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Falls are common and quite often recurrent in the elderly. Whether it be a slight trip, a fall on the stairs or a trip over at home or when you are out, falls can be problematic. Whether it be a bruise or a break, the results can be catastrophic, so making sure that you are well aware of prevention methods is your first step to a safe way of moving around.
The Journal for the Royal Society of Medicine tells us that falls can occur anywhere. Most falls occur on flat surfaces and it has been noted that there is a distinctly rarity of falls on stairs. When you look at men v women and compare the two, men will more likely fall in outdoor areas such as a garage or garden while women will fall in the house.
It is the reality of the situation. Care home falls are different.These falls can occur in a variety of places. They may be as a person is heading to the bathroom or as a person stands up to walk to a dining room or other location.
What is the most common cause of falls in the elderly?
Falls can happen for a multitude of reasons, there is no one common denominator that will influence a fall more than the next. It is a combination of factors that will come together to align a series of common causes making a fall more likely. Those factors may be mental health, chronic health issues or environmental factors or in fact a combination of them all.
Look at an average 65 year old man who simply by age is more prone to falls now. Add in dementia, confusion, disorientation, muscle weakness, visionary problems and heart disease and risks for falls have increased exponentially.
Weaker joints caused by conditions such as osteoarthritis and osteoporosis can make falls more likely too as feeling in limbs may be affected. Looking at the world around you can show up many factors. They may be wet floors (a good shower chair can help in the bathroom), dim lighting, carpets or rugs that are unfamiliar to the person or stairs. As you can see, there is no defining cause but a list of many that add up to a potential or actual fall.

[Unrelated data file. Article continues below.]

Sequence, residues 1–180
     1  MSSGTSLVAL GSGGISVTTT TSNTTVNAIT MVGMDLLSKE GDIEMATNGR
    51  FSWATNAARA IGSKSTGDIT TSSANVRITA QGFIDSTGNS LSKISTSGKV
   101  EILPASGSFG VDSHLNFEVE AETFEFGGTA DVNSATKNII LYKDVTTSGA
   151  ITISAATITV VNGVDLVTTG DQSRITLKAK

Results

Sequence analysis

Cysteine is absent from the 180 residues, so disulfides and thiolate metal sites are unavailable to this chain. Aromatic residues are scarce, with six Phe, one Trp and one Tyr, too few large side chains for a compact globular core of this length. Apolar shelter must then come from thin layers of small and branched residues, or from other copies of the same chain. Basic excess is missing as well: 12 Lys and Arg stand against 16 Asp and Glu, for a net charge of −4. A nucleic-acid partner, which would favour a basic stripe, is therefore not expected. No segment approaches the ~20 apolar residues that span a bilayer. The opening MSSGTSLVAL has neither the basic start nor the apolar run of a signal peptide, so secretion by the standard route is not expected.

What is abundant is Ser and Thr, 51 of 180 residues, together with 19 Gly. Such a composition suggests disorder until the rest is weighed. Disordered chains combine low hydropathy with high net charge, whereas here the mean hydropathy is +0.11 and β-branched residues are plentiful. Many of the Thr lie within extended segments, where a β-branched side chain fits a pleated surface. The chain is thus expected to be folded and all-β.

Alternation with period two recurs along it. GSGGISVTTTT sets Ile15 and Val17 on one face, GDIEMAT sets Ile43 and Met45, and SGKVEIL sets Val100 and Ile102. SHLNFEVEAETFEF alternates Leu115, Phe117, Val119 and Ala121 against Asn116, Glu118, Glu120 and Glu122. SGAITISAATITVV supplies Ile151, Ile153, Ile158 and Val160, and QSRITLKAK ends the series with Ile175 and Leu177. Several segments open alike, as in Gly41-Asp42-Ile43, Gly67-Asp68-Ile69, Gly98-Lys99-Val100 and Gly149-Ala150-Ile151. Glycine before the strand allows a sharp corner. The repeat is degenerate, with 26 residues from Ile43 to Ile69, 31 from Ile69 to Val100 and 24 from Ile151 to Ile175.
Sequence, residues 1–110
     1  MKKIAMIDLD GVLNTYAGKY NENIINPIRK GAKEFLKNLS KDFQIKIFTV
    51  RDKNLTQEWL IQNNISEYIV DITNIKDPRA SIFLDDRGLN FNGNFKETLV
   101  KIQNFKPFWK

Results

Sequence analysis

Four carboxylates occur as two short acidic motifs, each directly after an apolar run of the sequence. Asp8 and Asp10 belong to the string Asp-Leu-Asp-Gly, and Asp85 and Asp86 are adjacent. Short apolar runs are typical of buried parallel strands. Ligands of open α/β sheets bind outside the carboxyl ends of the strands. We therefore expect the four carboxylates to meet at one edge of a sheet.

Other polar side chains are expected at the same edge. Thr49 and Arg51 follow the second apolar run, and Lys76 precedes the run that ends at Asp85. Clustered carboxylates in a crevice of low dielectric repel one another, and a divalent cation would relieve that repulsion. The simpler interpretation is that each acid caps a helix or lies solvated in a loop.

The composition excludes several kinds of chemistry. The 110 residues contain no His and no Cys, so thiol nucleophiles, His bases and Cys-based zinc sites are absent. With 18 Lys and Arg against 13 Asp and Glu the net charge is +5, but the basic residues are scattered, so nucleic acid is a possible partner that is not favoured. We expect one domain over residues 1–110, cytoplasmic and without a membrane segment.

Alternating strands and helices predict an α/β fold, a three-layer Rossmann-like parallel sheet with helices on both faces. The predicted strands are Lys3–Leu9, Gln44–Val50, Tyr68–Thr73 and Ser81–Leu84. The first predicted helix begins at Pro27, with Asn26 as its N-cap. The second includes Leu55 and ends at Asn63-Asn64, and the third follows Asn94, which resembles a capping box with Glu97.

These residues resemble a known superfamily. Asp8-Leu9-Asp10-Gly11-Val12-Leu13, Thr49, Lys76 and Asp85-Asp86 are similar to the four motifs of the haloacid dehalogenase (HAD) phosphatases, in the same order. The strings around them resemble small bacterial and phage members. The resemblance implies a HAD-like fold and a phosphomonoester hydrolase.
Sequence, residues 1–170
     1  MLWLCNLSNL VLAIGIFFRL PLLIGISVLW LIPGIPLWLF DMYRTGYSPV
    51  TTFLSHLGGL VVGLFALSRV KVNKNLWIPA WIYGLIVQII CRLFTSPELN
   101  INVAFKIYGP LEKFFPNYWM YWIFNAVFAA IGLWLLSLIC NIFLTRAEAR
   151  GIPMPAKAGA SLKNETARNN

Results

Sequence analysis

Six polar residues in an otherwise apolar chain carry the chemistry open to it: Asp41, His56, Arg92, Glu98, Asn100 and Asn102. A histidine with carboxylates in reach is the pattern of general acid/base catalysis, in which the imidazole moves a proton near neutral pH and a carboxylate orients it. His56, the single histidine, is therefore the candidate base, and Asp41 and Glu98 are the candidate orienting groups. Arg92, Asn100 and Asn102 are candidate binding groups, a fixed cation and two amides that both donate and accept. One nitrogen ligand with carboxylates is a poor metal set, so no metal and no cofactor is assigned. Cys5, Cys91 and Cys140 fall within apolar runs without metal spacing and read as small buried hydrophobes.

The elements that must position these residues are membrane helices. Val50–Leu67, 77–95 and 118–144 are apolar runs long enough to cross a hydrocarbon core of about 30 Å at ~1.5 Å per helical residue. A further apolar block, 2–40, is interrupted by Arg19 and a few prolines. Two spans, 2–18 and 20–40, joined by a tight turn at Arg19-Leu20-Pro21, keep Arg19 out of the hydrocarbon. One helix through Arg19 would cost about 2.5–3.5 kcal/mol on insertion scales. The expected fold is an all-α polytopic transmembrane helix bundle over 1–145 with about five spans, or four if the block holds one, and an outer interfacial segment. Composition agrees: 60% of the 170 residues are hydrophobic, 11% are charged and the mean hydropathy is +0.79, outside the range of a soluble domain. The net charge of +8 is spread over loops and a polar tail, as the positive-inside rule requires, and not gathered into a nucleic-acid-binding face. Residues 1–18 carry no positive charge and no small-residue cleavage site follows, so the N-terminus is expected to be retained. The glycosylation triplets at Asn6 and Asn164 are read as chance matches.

What time of day do most falls occur?
The majority of falls occur through the day as that is when movement is more prevalent for the elderly.
During the day is when a person is most active. When you look at an average day… moving from bed to bathroom. Bathroom back to bedroom to get dressed. Moving downstairs for breakfast and so on.
However of the small amount of falls that happen overnight, the reasoning is usually the same. They occur when a person gets up to use the bathroom. During the night the environmental factors kick in. Dimmer lights are on, if any. The rug on the floor may be forgotten as someone is half asleep moving around. Again, factors add up to increase risk.
How does a fall affect the elderly?
According to information from the CDC, we know that while many falls cause no injury apart from maybe bruised pride, there are the few that will result in a serious injury such as a broken limb or maybe even a head injury. Looking at broken limbs, the impact on an elderly person can be slight or it can be catastrophic.
For an elderly person who has broken a hip and now home from hospital their life has changed dramatically.
- Mobility has decreased.
- Mobility may be painful.
- The ability to do basic chores around the house has gone.
- The ability to go shopping alone has gone.
- The ability to go out and see family has gone.
Basic needs of that person have now changed from an independent person to one that requires assistance at all times. That persons social needs have increased. Think of how you would feel if you couldn’t see your family without assistance? I would imagine lonely is the first word that comes to mind.
Looking at that same person with a broken hip and imagine no family live close by.
- Now they have to wait on someone to do their shopping for them.
- They may not eat as much because someone else is shopping and don’t know their likes and dislikes.
- This leads to medical issues such as malnutrition and dehydration.
Look at a person with a head injury. Following their fall there may be cognitive issues that have arisen. They may have…
- Issues with basic understanding.
- Learning a new skill.
- Learning an old skill that the injury has removed.
- Reasoning and judgement: Is the person more combative than before? This is often mistaken for aggression when there is an underlying cause such as this.
- Concentration: Is the person walking away from a meal? Have they forgotten what they need to do and why they are there?
While a fall and recovery is never simple, it can be managed safely. Understanding reasons for potential and actual falls is the first step on the path to a safe and active life.